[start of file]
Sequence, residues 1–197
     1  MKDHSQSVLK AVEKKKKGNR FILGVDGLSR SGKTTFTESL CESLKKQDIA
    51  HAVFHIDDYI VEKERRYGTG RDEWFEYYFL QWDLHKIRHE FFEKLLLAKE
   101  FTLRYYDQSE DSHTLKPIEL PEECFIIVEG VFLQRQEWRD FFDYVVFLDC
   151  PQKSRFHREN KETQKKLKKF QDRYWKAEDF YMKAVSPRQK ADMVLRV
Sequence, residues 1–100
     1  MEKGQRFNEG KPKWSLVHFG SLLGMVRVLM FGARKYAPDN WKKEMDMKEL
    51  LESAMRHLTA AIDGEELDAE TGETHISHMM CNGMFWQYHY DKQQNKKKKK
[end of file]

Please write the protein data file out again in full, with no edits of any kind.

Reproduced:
Sequence, residues 1–197
     1  MKDHSQSVLK AVEKKKKGNR FILGVDGLSR SGKTTFTESL CESLKKQDIA
    51  HAVFHIDDYI VEKERRYGTG RDEWFEYYFL QWDLHKIRHE FFEKLLLAKE
   101  FTLRYYDQSE DSHTLKPIEL PEECFIIVEG VFLQRQEWRD FFDYVVFLDC
   151  PQKSRFHREN KETQKKLKKF QDRYWKAEDF YMKAVSPRQK ADMVLRV
Sequence, residues 1–100
     1  MEKGQRFNEG KPKWSLVHFG SLLGMVRVLM FGARKYAPDN WKKEMDMKEL
    51  LESAMRHLTA AIDGEELDAE TGETHISHMM CNGMFWQYHY DKQQNKKKKK